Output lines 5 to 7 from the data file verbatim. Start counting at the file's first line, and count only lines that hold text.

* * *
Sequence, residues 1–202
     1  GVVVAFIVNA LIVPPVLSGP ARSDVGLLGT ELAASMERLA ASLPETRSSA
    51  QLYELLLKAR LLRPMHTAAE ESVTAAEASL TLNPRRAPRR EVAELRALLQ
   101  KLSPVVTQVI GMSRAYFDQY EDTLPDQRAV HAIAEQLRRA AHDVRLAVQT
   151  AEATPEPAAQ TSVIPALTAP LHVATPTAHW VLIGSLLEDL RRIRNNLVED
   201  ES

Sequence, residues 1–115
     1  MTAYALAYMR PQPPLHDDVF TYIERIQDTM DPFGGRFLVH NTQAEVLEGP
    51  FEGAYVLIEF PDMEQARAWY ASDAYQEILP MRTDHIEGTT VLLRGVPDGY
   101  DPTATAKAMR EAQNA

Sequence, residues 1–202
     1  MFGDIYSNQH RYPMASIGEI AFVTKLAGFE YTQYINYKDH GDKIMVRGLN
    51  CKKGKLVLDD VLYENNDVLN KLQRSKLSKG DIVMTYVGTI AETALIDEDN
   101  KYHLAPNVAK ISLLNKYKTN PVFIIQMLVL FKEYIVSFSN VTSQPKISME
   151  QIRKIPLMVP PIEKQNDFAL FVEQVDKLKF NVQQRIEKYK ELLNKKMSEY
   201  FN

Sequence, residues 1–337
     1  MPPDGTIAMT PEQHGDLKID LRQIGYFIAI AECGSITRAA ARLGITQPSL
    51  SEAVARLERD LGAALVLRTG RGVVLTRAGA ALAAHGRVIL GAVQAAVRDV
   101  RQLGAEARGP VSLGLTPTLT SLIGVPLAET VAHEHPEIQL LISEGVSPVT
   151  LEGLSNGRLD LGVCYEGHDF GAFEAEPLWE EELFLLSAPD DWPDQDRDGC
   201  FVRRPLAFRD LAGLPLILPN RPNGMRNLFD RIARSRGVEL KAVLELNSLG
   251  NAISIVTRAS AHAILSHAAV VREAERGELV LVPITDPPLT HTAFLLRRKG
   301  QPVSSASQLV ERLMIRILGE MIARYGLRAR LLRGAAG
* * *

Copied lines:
   151  AEATPEPAAQ TSVIPALTAP LHVATPTAHW VLIGSLLEDL RRIRNNLVED
   201  ES

Sequence, residues 1–115